When you start an endeavor – say, a basketball game or a musical performance – you don’t just start by shooting three-point shots or blowing jazz riffs.
You start with the simple stuff: dribbling drills and layups, scales and arpeggios. The work is raw, rote, repetitive. But it prepares one for the challenge ahead.
That is how Steven Carey approaches his Joy of Reading program – a program that the weeknight Salvation Army Kids Cafe started last year to boost the reading levels of struggling Beech Street School students.
Carey starts with what he calls Phonics Chant, a call-and-response drill that he augments with pictures of the English language sounds.
“Cheesy Cheesy Ch, Ch, Ch.
“C-H in ‘change’ says Ch.
“Short vowel, T-C-H in ‘catch’ says ch.
“T-U in ‘picture’ says ch.”
On it goes, until all 45 or so sounds in the English language are drilled. Carey and the students shout out the sounds and phrases so fast that I think that the Somali children are teaching him their language.
“I heard it four or five times. I can kind of pick up what’s going on,” said Michael Harper, commanding officer of the Manchester Corps of the Salvation Army.
Now in its second year, Joy of Reading is on solid enough footing that the Salvation Army is highlighting it as one of the programs that enjoys support from the Union Leader Santa Fund for the Salvation Army.
It’s run by Carey. He’s 28 and works as a paraprofessional at Beech Street School, where he comes in contact with most of the 12 or so regulars who participate in Joy of Reading.
Carey doesn’t have a teaching degree. He attributes his phonics-heavy approach to two influences.
One is Marva Collins, a Chicago educator who drew fame in the 1980s for her emphasis on classics and positive thinking to rescue kids in underperforming schools. The other is Carey’s classical music background, and the repetitive practice that any musician endures.
When I visited, Carey wore a stocking hat. His skinny frame was lost in a loose fitting flannel shirt and corduroy pants.
Yet, his personality dominates the room. The mood during Phonics Chant approaches that of Fenway Park during a ninth-inning Red Sox comeback.
The drill is usually followed by a 10-minute meditation break. The two hours end with individual reading, which for many of the kids involves sounding out words.
Carey moves around the tables effortlessly. He rubs one kid’s head and places his hand on the shoulder of another.
“I think that reading with a child is one of the most intimate things you can do,” he said.
“They don’t have a lot of material things. But if they can achieve intelligence and claim ownership over their lives, I’ve done my job.”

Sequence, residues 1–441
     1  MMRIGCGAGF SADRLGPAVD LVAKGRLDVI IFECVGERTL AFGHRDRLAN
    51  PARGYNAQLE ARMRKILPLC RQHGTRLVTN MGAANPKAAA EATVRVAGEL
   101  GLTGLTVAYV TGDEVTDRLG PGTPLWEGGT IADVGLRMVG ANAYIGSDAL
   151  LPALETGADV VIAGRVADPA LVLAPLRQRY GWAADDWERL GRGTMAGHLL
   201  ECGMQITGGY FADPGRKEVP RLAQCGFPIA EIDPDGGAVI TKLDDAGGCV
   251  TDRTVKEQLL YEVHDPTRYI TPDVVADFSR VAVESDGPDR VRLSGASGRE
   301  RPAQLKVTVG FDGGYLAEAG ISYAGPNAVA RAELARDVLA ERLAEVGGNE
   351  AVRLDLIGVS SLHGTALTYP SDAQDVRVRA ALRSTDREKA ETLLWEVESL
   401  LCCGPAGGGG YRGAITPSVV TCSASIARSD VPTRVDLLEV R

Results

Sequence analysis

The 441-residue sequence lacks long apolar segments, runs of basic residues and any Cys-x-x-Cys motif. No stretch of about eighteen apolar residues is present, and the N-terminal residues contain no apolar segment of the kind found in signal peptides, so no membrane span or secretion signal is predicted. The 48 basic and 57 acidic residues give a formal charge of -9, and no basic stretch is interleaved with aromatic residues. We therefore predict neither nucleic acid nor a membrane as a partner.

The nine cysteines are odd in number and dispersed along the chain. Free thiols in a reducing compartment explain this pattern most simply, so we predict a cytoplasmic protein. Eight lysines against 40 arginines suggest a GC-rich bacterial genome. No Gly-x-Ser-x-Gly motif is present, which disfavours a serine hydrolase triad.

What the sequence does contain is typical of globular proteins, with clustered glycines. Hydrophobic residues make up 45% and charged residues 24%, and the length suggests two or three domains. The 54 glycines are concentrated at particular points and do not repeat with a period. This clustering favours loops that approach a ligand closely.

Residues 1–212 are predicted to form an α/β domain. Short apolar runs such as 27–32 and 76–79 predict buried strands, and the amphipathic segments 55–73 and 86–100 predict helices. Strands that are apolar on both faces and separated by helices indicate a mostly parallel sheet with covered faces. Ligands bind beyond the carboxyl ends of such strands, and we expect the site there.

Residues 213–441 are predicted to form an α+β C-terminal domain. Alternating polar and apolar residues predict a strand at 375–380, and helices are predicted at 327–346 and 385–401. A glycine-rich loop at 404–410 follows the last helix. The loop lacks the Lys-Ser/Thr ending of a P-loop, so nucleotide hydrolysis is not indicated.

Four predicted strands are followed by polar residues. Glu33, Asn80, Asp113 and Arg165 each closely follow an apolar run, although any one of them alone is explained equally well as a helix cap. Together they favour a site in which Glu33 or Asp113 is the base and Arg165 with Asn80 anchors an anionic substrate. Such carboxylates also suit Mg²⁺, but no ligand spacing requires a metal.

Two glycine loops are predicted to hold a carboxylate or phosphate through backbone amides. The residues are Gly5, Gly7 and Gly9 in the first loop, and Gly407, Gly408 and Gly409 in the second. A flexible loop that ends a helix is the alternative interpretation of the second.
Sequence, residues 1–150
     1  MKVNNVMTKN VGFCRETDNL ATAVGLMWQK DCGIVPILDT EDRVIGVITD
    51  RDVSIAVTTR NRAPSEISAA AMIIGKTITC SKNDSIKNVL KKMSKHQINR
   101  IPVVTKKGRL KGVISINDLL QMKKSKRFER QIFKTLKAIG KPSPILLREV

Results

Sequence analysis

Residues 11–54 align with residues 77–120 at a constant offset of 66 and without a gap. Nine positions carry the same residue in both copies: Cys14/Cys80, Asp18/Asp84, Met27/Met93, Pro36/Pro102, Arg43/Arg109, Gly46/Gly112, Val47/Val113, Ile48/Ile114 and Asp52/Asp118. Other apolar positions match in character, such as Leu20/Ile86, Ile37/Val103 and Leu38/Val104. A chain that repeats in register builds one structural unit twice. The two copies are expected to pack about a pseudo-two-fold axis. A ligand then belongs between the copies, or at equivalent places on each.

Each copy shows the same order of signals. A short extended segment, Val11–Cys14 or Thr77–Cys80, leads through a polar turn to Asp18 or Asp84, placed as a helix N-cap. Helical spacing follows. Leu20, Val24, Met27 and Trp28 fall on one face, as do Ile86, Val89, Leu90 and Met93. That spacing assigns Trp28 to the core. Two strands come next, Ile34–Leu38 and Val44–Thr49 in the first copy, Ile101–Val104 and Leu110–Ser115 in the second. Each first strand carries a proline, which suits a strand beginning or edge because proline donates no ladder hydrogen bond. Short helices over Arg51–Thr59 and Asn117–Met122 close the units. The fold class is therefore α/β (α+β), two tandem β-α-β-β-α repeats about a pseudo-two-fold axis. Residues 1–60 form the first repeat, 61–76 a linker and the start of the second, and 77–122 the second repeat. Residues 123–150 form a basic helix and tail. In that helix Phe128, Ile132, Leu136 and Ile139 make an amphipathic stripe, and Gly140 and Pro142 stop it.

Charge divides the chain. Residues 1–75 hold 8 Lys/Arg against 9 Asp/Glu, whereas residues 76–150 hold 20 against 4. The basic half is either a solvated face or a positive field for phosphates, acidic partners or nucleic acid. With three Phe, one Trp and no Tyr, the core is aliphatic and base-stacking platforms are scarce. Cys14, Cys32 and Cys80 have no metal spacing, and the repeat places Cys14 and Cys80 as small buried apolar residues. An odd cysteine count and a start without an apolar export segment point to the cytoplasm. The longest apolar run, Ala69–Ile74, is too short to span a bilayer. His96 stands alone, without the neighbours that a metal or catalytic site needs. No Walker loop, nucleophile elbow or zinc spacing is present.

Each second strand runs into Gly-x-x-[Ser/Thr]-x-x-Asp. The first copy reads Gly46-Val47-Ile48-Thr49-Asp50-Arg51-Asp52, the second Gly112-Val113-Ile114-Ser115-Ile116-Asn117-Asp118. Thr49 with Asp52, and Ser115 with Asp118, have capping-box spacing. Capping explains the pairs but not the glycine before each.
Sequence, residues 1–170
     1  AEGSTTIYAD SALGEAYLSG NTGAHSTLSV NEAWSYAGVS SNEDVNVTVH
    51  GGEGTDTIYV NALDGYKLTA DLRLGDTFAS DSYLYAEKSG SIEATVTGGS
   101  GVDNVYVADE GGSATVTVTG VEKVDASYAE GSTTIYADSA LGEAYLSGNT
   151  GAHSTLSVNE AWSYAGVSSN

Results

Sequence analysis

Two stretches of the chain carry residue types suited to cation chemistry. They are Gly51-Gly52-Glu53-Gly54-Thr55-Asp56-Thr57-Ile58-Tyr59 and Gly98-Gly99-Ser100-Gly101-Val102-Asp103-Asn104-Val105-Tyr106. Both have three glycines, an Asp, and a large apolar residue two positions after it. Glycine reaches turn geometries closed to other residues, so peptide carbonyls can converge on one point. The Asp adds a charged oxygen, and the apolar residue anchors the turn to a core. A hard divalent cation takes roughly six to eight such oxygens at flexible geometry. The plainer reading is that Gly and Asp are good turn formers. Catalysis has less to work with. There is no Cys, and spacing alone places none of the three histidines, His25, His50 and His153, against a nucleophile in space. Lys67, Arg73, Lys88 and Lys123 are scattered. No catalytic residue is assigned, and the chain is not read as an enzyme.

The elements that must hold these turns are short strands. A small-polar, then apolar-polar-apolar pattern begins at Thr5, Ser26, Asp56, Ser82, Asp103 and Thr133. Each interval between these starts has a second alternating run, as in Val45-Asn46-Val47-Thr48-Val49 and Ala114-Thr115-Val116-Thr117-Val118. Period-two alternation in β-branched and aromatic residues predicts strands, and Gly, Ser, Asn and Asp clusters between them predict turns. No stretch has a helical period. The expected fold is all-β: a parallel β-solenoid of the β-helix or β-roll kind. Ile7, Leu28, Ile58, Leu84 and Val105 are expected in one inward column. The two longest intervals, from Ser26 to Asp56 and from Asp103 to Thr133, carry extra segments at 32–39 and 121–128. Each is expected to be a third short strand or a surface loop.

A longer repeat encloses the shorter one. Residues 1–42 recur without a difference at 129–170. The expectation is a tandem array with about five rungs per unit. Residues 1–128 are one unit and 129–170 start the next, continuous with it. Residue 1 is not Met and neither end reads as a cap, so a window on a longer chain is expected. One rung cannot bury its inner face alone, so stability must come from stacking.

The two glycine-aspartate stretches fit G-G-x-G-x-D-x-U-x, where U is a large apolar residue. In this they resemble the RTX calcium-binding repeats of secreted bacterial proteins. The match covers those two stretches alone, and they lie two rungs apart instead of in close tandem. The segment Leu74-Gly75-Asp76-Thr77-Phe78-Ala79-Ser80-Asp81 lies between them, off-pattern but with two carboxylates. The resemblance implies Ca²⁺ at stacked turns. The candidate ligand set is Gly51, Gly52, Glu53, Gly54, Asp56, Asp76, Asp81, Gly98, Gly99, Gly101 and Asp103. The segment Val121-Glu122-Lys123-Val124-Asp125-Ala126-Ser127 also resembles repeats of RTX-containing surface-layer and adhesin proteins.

The work might be fun and rewarding, but it’s not easy.
Students stumble and don’t recall a sound that would seem obvious to Carey or volunteers (which he needs, by the way).
He works on the word “stream” with a student, patiently revealing each letter as a student makes the correct sound.
“Storm,” the kid exclaimed after seeing the R.
“Don’t guess words; read them,” Carey said.
The Salvation Army targeted Beech Street School because fewer than 10 percent of its students read at proficiency level, one of the lowest percentages in the state. And if kids don’t know how to read by third grade, they’re going to end up in classes where expectations are low, Harper said.
In a promotional video produced by the Salvation Army, a second-grade teacher at Beech Street, Chantal Champagne, said two of the kids in Joy of Reading have made tremendous improvement.
“The (Beech Street) teachers are just blown away by their academic success in such a short period of time,” said Champagne, whose father is program director at the Salvation Army. (I attempted to get input from the school itself, but the school district did not arrange it in time for this article.)
Carey said he grew up in the Manchester area and moved back in 2016 after his younger brother committed suicide. His brother had worked at Beech Street School, and Carey took up an offer by former Beech Street Principal Christine Brennan to work there.
He creates the materials, such as the Phonics Chant , that he uses.
Halimo Abdi, a middle-school student and volunteer, said the difference between their program and school programs is in the individual attention.
“They (schools) give individual attention, but it depends who they give attention to and who they don’t. Steve wants to help out everyone,” said Abdi.
Hashim Osman, a second-grader, sums it up like this: “We read. We don’t do math. We do different stuff.”
By offering a phonics-based approach, Carey is reviving the phonics/whole language battle of the 1990s. He guesses he learned to read by whole language. He doesn’t remember sounding out words. His parents tell him he quickly picked it up.
He theorizes that children who live in neighborhoods rife with violence, poverty and drug abuse can’t easily pick up literacy. The troubles prompt them to turn off parts of their brains that allow for perception and inquiry, almost as a survival skill, he said.
So as an alternative, he bypasses the part not working and concentrates on phonics and memorization. As a bonus, Kids Cafe provides the safe space for kids to relax and concentrate. And learn. The final mantra in the Phonics Chant:
“We do hard work, and we do it well.”